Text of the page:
For a play that was originally written in 1836, Nikolai Gogol’s The Government Inspector is an often laugh-out-loud satirical look at government folly that helps prove that the one precent have been around a lot longer than we may have imagined.
Adapted by Jeffrey Hatcher from its original Russian, The Government Inspector sees the Mayor and the other one percenters of an isolated Russian village get word of a government inspector from Petersburg sniffing around their small provincial town. Not immune to a few bribes themselves, the Mayor and his cronies find the tables turned and they set out hoping that a few well placed rubles will smooth things over. As is the case in stories such as these though not everything is as it seems and the village’s supposed power brokers become even more blinded by their greed.
In director David Mackay’s Russian backwater, little is done in half-measures. From a veritable sea of over-the-top performances to the costumes and even the wild make-up, Mackay successfully immerses us inside the ridiculousness of the story and characters. While at times one had hoped that Hatcher had been a bit more judicious with his adaptation (really, none of us would have known if he had removed some of the more superfluous parts of Gogol’s text), Mackay and his actors are so committed, that we easily give into this bizarre ride.
Alumnus Joel Wirkkunen returns to the Studio 58 stage as the fatuous Mayor, perfectly suited to the role of this bombastic clown and Tim W Carlson takes us on a surprisingly layered performance as the government inspector Ivan.
But while Wirkkunen and Carlson are eminently watchable on their own, they are at their best feeding off the energy of the other buffoons around them. In fact, it is the ensemble work here that finds the bulk of the show’s appeal and with a cast of 23 there is plenty to like.
Stephanie Izsak and Siona Gareau-Brennan are wonderfully matched in the strained mother-daughter relationship. Izsak takes the buffoonery of her role to great heights in her colourful costumes and clown painted face while Bareau-Brennan gives the daughter a deliciously sullen Lydia Deetz type demeanour. Katey Hoffman manages to command attention each time she steps on stage as the Postmistress and Daniel Doheny as the inspector’s servant has his comic timing down nearly as perfect as his deadpan delivery. And the Tweelde-dumb and Tweedle-dumber of Dallas Sauer and Jordan Jenkins had us wanting so much more stage time for this hilarious duo.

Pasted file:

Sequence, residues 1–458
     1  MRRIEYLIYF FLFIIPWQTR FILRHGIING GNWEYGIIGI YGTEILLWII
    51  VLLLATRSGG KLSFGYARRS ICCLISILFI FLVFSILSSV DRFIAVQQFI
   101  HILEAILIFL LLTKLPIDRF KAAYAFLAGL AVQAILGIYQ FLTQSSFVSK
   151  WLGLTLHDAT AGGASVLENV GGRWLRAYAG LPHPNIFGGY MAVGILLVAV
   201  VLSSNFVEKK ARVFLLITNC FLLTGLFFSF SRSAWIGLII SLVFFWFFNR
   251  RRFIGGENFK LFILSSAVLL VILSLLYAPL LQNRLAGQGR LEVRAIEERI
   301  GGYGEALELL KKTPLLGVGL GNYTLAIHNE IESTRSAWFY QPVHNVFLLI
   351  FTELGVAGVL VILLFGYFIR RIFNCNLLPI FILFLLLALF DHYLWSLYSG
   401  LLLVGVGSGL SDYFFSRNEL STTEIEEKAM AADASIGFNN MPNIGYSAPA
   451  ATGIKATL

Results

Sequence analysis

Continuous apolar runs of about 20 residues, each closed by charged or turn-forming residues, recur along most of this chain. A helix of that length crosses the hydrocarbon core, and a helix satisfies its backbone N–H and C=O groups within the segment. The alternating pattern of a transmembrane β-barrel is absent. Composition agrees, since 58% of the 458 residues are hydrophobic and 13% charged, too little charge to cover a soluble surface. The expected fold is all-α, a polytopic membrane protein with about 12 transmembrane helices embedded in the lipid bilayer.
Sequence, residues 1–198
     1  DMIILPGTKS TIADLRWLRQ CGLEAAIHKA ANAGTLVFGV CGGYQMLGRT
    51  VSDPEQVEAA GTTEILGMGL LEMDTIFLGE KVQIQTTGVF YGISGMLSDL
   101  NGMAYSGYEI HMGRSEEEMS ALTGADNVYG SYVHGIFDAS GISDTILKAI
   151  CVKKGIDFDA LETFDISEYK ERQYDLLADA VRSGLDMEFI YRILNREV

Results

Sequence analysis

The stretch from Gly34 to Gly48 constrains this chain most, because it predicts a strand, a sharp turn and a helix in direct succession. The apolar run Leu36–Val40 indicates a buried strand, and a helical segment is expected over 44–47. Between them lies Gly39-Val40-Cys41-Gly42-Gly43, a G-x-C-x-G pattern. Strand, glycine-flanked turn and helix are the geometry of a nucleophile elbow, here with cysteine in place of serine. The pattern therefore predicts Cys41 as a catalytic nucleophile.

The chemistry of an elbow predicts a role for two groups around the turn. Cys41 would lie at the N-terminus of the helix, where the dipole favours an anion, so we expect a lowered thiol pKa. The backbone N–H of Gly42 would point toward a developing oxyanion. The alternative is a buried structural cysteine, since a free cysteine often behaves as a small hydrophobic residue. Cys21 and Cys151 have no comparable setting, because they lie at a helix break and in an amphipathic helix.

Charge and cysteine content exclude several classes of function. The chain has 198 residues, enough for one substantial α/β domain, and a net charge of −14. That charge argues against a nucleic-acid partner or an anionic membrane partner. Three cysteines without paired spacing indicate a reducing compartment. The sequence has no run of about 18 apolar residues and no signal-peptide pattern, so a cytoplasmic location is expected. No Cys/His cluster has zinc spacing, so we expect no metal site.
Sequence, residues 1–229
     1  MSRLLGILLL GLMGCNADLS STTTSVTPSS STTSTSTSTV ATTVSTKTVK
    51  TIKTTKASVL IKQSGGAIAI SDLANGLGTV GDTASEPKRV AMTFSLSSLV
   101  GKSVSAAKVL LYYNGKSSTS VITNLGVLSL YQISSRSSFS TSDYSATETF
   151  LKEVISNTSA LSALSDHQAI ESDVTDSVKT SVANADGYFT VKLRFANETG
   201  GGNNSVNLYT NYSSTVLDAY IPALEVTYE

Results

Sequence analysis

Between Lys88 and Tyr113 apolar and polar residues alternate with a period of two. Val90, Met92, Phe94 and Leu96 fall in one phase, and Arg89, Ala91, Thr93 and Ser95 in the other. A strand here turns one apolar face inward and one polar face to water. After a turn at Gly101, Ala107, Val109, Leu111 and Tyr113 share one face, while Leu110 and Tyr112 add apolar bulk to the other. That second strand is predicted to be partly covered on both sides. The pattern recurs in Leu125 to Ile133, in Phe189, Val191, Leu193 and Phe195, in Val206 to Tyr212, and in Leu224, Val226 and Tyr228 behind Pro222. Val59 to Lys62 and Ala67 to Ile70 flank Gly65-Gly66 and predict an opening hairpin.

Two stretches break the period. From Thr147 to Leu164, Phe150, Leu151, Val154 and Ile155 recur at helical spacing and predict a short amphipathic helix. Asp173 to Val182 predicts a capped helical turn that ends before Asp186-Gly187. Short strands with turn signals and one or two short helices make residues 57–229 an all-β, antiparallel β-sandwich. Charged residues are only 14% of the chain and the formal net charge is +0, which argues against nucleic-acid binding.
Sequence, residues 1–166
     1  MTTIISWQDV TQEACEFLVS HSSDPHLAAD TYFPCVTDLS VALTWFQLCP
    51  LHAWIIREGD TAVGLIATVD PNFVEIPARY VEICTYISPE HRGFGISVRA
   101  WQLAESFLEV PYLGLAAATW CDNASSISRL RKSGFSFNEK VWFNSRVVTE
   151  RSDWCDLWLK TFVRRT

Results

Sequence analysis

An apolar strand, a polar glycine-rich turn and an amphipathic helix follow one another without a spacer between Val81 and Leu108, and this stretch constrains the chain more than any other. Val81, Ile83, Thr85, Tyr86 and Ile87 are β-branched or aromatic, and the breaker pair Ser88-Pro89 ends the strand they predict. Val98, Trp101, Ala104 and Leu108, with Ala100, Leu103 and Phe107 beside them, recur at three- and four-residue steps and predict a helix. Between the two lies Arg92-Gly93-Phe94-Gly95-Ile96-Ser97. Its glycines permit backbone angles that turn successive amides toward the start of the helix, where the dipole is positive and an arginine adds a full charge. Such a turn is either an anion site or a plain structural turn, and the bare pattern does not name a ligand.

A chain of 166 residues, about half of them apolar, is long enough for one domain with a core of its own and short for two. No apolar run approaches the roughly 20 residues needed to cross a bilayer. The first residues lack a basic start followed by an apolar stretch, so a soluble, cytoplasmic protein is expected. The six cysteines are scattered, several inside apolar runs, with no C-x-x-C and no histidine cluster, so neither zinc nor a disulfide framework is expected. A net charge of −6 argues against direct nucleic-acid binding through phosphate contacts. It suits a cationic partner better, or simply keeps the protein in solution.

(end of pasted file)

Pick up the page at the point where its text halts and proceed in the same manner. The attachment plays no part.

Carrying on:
Costumes, wigs and millinery from Mara Gottler, Christine Hackman and Sydney Cavanagh respectively, come together in perfect (dis)harmony, providing a wonderfully ridiculous contrast to the classes. Pam Johnson’s set provides much needed space for this large cast and while it felt a tad generic, one has got to appreciate the theatrical magic she uses to move us between settings. And like the proverbial clown car, the small upright wardrobe in the sitting room of the Mayor’s house deserves its own special mention.
Giving government inefficiency and the one percent a seriously funny ass kicking, if it hadn’t been for the iron fist of Tsarist Russia at the time, The Government Inspector could have easily spurred the rise of Occupy Petersburg.
The Government Inspector
Adapted by Jeffrey Hatcher from the original by Nikolai Gogol. A Studio 58 Langara College production. On stage at Studio 58 through December 2, 2012. Visit http://studio58.ca for tickets and information.